International Metropolis Conference Abstract submission

June 24 to 28, 2019

The Promise of Migration

Inclusion, Economic Growth and Global Cooperation

Conference themes

The International Metropolis Conferences offer an apolitical forum for discussing contemporary migration, integration, and population diversity, and their effects on societies. The conferences reunite researchers, policy makers, officials of governments and international organizations, and civil society from around the world, seeking to better understand the challenges and opportunities related to migration worldwide.

The 2019 Conference will explore the “promise of migration,” as it relates to the migrants themselves, host societies, and sending communities. It is an opportunity to connect with like-minded professionals and reflect on the proposition that migration has the potential to enhance inclusion, economic growth, and global co-operation.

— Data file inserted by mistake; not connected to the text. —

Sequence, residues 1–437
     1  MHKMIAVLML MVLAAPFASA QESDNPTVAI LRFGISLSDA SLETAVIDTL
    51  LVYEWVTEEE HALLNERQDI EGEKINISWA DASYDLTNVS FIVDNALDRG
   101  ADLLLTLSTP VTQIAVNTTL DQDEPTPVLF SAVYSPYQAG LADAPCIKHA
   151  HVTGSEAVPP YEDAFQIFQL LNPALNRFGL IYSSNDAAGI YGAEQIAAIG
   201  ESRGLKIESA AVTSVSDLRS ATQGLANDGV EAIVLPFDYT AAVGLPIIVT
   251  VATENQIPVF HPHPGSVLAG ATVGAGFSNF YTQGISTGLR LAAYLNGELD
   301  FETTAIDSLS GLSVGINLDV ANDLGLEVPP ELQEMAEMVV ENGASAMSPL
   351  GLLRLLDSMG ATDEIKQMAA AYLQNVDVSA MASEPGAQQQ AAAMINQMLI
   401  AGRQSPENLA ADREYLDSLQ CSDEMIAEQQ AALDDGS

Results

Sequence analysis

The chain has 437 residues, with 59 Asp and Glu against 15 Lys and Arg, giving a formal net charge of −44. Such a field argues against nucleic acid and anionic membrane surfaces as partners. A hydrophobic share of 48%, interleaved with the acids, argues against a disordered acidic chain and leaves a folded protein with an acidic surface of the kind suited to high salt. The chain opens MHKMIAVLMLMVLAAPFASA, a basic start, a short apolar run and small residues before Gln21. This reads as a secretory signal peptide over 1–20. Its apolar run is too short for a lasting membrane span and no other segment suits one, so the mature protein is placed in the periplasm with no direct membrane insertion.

Each conference day features a keynote, two plenary sessions organized around the themes below, and a range of workshops that integrate cross-cutting policy areas and other topics of interest to the migration community.

Commentators

Howard Duncan

Executive Head, International Metropolis secretariat Carleton University

Plenary 1 and 2

Jan Rath

Co-chair International Metropolis Project

Professor of Urban Sociology and Chair of the Department of Sociology of the University of Amsterdam

Plenary 3 and 4

Paul Spoonley

Co-chair International Metropolis Project

Pro Vice-Chancellor, College of Humanities and Social Sciences at Massey University

Plenary 5 and 6

Dan Hiebert

Professor of Geography at the University of British Columbia

Plenary 7 and 8

Plenary speakers

Click on speakers' names to access their bios and presentation abstracts. We’ll add more speakers as they are confirmed.

1. Quest for global governance: Compacts and sustainable development goals